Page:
Local
?Is your Plant Engine Running at Maximum Efficiency?? At Aurora ...
?Is your Plant Engine Running at Maximum Efficiency?? At Aurora Cooperative, our Real Farm Research Team is gaining new insights every day on how to make every plant / field run efficiently to maximize your return on investment. To learn more come check us out at one of our RFR sites tours. Ashton/Dannebrog 7/27/2016 Doniphan, NE 7/28/2016 Minden, NE 8/2/2016 Fairbury, NE 8/3/2016 Traer, IA 8/25/2016 York, NE 8/9/2016 Byron, NE 8/10/2016 Aurora, NE 8/11/2016 Wray, CO 8/16/2016 Grant, NE 8/17/2016 Grand Island 8/18/2016>
Tumbling U.S. Wheat Acres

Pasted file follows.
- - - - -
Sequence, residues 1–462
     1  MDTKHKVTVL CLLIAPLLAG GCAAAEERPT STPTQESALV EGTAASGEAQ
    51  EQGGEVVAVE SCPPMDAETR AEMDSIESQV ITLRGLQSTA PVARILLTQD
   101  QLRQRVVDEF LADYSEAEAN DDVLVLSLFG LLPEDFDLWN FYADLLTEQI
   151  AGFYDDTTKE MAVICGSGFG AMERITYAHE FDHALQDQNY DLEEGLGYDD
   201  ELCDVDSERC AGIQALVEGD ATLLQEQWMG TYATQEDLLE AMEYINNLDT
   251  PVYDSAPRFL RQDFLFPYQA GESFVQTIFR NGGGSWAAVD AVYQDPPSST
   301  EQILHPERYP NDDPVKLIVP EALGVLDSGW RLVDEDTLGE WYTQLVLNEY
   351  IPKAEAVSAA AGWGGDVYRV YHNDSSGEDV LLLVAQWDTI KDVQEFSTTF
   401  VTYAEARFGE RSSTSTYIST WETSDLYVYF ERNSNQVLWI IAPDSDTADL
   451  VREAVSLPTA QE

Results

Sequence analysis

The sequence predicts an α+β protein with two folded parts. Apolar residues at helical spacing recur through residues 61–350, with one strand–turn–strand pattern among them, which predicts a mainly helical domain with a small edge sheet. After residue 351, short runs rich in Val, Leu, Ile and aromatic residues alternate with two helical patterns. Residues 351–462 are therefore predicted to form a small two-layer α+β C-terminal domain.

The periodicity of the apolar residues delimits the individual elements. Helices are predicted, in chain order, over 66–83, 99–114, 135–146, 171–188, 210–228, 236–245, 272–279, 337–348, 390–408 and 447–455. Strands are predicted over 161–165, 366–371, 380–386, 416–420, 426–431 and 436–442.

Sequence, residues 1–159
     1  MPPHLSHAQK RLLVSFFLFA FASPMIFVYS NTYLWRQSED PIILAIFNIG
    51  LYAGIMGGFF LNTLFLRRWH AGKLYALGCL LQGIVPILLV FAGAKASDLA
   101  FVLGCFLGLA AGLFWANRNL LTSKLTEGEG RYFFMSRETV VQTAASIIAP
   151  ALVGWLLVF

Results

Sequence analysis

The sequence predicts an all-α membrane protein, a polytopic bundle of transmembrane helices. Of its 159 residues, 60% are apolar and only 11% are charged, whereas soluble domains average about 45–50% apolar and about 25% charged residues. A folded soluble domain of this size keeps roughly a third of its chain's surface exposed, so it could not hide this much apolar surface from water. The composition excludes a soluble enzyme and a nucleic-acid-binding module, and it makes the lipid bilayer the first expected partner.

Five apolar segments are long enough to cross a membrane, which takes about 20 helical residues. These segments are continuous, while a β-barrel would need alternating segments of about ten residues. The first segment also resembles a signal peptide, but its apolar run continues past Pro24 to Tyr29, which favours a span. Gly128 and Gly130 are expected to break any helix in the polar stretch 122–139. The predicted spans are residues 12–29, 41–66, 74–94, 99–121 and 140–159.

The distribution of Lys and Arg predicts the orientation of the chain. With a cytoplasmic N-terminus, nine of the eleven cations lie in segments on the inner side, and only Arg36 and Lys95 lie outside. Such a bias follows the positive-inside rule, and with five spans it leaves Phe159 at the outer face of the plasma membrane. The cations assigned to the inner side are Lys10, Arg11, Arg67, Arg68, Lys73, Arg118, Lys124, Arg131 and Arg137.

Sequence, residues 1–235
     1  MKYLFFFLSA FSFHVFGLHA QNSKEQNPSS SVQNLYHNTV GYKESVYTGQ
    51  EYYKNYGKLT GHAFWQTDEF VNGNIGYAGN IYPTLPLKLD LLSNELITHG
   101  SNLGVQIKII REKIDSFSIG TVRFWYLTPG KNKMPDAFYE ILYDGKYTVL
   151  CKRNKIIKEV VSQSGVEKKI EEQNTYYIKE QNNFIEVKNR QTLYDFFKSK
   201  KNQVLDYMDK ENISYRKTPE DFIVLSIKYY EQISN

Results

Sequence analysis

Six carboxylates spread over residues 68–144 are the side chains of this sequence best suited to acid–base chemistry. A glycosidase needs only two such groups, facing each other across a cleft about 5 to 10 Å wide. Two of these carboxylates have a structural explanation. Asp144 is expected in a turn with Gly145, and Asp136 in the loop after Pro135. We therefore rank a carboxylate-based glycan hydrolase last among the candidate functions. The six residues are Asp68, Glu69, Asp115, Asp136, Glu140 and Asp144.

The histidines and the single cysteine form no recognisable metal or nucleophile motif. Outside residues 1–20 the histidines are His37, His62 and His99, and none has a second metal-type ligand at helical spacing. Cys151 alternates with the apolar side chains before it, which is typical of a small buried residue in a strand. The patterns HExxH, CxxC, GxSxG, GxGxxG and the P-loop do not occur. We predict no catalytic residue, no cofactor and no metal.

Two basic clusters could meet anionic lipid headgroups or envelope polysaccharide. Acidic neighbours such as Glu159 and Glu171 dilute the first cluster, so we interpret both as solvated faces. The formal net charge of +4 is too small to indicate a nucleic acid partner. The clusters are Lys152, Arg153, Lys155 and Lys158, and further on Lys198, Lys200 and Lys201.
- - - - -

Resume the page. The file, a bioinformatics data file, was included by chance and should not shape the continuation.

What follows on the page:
Strong wheat yields across the U.S. are proving to be burdensome on wheat markets already struggling to deal with large U.S and global inventories. In many areas producers are facing the lowest cash prices they have seen in years. These weak prices have left wheat production in the U.S. with a bleak economic outlook. In many areas of the Great Plains cash bids are hovering near, and have sometimes below, the $3.00 per bushel barrier. (Here are some – rather depressing – Kansas andNebraska bids). It has gotten so bad that in some areas of the country cash wheat prices have reached levels that trigger the ability to collect payments from the USDA’s Loan Deficiency Program (LDP) (something few people seriously contemplated when the last farm bill was written). The situation in the wheat market is symptomatic of many of the issues facing grain producers and we believe that it likely has many broader implications for the entire grain sector. So over the next few months we are going to feature several posts evaluating the situation in wheat production. Internally we’ve been describing it as our “wheat’s woes” analysis. This week’s posts takes a look at trends in U.S. wheat acres. The 35 Year Decline While wheat prices have taken a sour-turn recently, wheat acres have been in a downward trend for decades. Over the past 35 years (1981 to 2016) wheat acres have contracted from more than 88 million acres to fewer than 51 million acres (Figure 1), a decline of more than 27 million acres. While the decline is quite large, it’s important to consider the rates of decline. Over the 35 years, a trend-line through the data reveals that wheat acres contracted at a rate of 816,000 acres per year (not shown). For context, this rate is nearly equal to losing a Kansas-worth of wheat acres every decade (Kansas planted 8.5 million acres of wheat in 2016). While 816,000 fewer acres each year seems very large, it’s important to keep that in perspective. The decline in acres is also equal to an annualized rate of change of -1.6%. While a 1.6% annual decline is small, small changes over a long period of time become very large. Especially when sustained over 35 years. A Long-Run View Looking back further in the data it’s easy to see that U.S. wheat is no stranger to drastic changes in acres (figure 2). Over the past 97 years, wheat acres have experienced several periods of large increases and decreases. Prior to the record-high sowings of 1981 (88.3 million acres), wheat acres hit their lowest levels in 1970 at 48.7 million acres. A key element of the previous farm economic boom (the 1970s) was strong wheat exports fueling a rapid expansion of U.S. wheat acres. Wheat acres also contracted sharply during World War II (80.8 million acres in 1937 to 53.0 million in 1942) to later surge again by 1953 (78.9 million). In short, wheat has been susceptible to wild swings in acres. Most of the changes happened in short periods of time. The major difference with the current period of acreage decline is that the downward trend has been the relatively slower, spanning multiple decades. Wrapping it Up Acres of U.S. wheat have steadily declined over the last 35 years. This trend lower has been the result of small but consistent declines over several years. Looking over nearly 100 years of data, it’s clear that wheat is no stranger to large changes in planted acres . If anything, the pace of change occurring since 1981 has been slow relative to previous changes. As we will cover in upcoming posts, attention will be on wheat acres planted in the upcoming Fall and Spring. The markets will closely monitor this as transitions away from wheat will likely result in addition acres of corn and sorghum. Stay tuned. Source: David Widmar, Agricultural Economic Insights